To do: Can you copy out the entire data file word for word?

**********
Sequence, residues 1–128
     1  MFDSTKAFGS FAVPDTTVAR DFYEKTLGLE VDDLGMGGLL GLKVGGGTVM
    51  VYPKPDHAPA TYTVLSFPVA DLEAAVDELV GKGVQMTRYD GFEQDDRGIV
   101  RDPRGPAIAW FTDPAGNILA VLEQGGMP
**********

Sequence, residues 1–128
     1  MFDSTKAFGS FAVPDTTVAR DFYEKTLGLE VDDLGMGGLL GLKVGGGTVM
    51  VYPKPDHAPA TYTVLSFPVA DLEAAVDELV GKGVQMTRYD GFEQDDRGIV
   101  RDPRGPAIAW FTDPAGNILA VLEQGGMP